Period: Goryeo dynasty (918–1392)
Date: first half of the 12th century
Medium: Stoneware with carved and incised design under celadon glaze
Dimensions: H. 8 1/2 in. (21.6 cm)
Credit Line: Gift of Mrs. Roger G. Gerry, 1996
Accession Number: 1996.471
The graceful form, refined decoration, and lustrous blue-green glaze distinguish this ewer as one of the finest products of the Koryō celadon kilns at the peak of their production. The carved and incised decoration emulating the natural forms of melon and bamboo exemplify the Korean practice of drawing on nature for inspiration when working in clay.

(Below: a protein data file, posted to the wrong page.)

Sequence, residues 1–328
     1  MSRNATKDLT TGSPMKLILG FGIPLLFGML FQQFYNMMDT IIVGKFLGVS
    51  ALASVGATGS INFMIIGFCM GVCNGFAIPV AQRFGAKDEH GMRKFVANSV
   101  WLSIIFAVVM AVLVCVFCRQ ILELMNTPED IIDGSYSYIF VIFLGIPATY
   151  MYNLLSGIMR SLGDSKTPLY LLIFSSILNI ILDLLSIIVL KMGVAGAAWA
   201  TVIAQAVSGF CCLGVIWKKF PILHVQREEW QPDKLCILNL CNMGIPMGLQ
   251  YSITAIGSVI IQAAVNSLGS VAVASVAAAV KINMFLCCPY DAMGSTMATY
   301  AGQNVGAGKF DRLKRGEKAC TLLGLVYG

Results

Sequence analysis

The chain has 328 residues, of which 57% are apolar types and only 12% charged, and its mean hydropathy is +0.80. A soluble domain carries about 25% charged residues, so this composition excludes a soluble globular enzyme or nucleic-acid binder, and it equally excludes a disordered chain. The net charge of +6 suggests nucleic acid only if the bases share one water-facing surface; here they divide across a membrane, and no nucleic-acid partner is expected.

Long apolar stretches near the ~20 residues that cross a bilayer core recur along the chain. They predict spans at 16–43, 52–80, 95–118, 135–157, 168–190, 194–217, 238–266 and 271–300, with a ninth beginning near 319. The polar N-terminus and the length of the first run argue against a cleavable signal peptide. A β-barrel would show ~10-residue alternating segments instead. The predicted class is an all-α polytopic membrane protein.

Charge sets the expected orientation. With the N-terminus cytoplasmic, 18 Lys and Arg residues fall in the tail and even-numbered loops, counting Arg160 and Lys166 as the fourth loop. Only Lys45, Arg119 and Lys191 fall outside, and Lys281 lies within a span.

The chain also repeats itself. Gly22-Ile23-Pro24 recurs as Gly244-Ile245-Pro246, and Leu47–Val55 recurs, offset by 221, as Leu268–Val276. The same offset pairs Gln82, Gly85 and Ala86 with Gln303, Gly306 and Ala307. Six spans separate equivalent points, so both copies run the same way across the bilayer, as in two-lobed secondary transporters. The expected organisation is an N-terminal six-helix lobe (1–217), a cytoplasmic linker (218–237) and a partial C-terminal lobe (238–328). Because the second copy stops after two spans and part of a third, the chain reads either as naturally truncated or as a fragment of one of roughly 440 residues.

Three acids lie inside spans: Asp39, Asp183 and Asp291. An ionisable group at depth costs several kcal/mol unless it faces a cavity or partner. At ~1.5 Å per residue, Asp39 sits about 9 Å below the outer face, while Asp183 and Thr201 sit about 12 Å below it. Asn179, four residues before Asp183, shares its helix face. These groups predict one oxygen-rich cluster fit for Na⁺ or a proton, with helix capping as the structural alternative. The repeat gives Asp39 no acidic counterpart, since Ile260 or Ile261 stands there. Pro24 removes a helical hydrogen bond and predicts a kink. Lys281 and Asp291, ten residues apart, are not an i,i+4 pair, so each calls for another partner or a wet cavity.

This ewer, probably made to hold wine, originally may have been accompanied by a bowl-shaped basin, which, when filled with hot water, would have kept the contents of the ewer warm. Luxurious utilitarian celadon wares such as this example were favored by the aristocracy. Because they were from aristocratic families and had wealthy patrons, many Buddhist monks in the Koryō period also followed the practice of the nobility in using celadon ware.